That C. A. and B. C. had with A. B. before
And in mutual affiance
None attempting to soar
Above another,
The unanimous three
C. A. and B. C. and A. B.
All are equal, each to his brother,
Preserving the balance of power so true:
Ah! the like would the proud Autocratix do!
At taxes impending not Britain would tremble,
Nor Prussia struggle her fear to dissemble;
Nor the Mah’met-sprung wight
The great Mussulman
Would stain his Divan
With Urine the soft-flowing daughter of Fright.

IV.

But rein your stallion in, too daring Nine!
Should Empires bloat the scientific line?
Or with dishevell’d hair all madly do ye run
For transport that your task is done?
For done it is—the cause is tried!
And Proposition, gentle maid,
Who soothly ask’d stern Demonstration’s aid,
Has prov’d her right, and A. B. C.
Of angles three
Is shown to be of equal side;
And now our weary stead to rest in fine,
‘Tis raised upon A. B. the straight, the given line.

Stupid for the rest of the day

From the Wikipedia page on Paul Valéry:

Valéry’s most striking achievement is perhaps his monumental intellectual diary, called the Cahiers (Notebooks). Early every morning of his adult life, he contributed something to the Cahiers, prompting him to write: “Having dedicated those hours to the life of the mind, I thereby earn the right to be stupid for the rest of the day.”

The subjects of his Cahiers entries often were, surprisingly, reflections on science and mathematics. In fact, arcane topics in these domains appear to have commanded far more of his considered attention than his celebrated poetry. The Cahiers also contain the first drafts of many aphorisms he later included in his books. To date, the Cahiers have been published in their entirety only as photostatic reproductions, and only since 1980 have they begun to receive scholarly scrutiny. The Cahiers have been translated into English in five volumes published by Peter Lang with the title Cahiers/Notebooks.

The celestial emporium of benevolent knowledge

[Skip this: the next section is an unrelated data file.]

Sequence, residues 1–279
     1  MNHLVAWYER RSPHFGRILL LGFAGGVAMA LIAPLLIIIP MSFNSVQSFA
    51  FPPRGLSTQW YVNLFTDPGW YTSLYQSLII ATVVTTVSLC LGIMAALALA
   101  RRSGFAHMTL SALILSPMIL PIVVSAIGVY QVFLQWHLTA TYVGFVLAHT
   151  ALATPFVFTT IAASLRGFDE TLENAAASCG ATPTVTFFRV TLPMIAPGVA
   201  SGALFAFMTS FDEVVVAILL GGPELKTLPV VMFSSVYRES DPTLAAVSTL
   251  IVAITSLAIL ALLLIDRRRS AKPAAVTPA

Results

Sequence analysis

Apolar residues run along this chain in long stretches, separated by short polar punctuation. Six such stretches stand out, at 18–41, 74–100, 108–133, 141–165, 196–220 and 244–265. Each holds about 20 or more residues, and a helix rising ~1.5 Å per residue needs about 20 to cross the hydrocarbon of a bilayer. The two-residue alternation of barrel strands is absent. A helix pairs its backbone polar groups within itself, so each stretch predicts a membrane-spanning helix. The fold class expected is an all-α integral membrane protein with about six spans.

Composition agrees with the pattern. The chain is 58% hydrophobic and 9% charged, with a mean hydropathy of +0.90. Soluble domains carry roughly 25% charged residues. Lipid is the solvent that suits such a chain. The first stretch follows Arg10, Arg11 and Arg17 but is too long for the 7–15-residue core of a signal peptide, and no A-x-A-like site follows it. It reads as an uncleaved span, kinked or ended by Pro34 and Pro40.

from Borges’s essay “El idioma analítico de John Wilkins,” published in Otras Inquisiciones, translated by Ruth L. C. Simms, later made famous by the opening of Foucault’s Les mots et les choses:

At one time or another, we have all suffered through those unappealable debates in which a lady, with copious interjections and anacolutha, swears that the word luna is more (or less) expressive than the word moon. Apart from the self-evident observation that the monosyllable moon may be more appropriate to represent a very simple object than the disyllabic word luna, nothing can be contributed to such discussions. After the compound words and derivatives have been taken away, all the languages in the world (not excluding Johann Martin Schleyer’s volapük and Peano’s romance-like interlingua) are equally inexpressive. There is no edition of the Royal Spanish Academy Grammar that does not ponder “the envied treasure of picturesque, happy and expressive words in the very rich Spanish language,” but that is merely an uncorroborated boast. Every few years the Royal Academy issues a dictionary to define Spanish expressions. In the universal language conceived by Wilkins around the middle of the seventeenth century each word defines itself. Descartes had already noted in a letter dated November, 1629, that by using the decimal system of numeration we could learn in a single day to name all quantities to infinity, and to write them in a new language, the language of numbers. He also proposed the formation of a similar, general language that would organize and contain all human thought. Around 1664 John Wilkins began to undertake that task.

Wilkins divided the universe into forty categories or classes, which were then subdivisible into differences, subdivisible in turn into species. To each class he assigned a monosyllable of two letters; to each difference, a consonant; to each species, a vowel. For example, de means element; deb, the first of the elements, fire; deba, a portion of the element of fire, a flame. In a similar language invented by Letellier (1850) a means animal; ab, mammalian; abi, herbivorous; abiv, equine; abo, carnivorus; aboj, feline; aboje, cat; etc. In the language of Bonifacio Sotos Ochando ( 1845) imaba means building; imaca, brothel; imafe, hospital; imafo, pesthouse; imari, house; imaru, country estate; imede, pillar; imedo, post; imego, floor; imela, ceiling; imogo, window; bire, bookbinder, birer, to bind books. (I found this in a book published in Buenos Aires in 1886: the Curso de lengua universal by Dr. Pedro Mata.)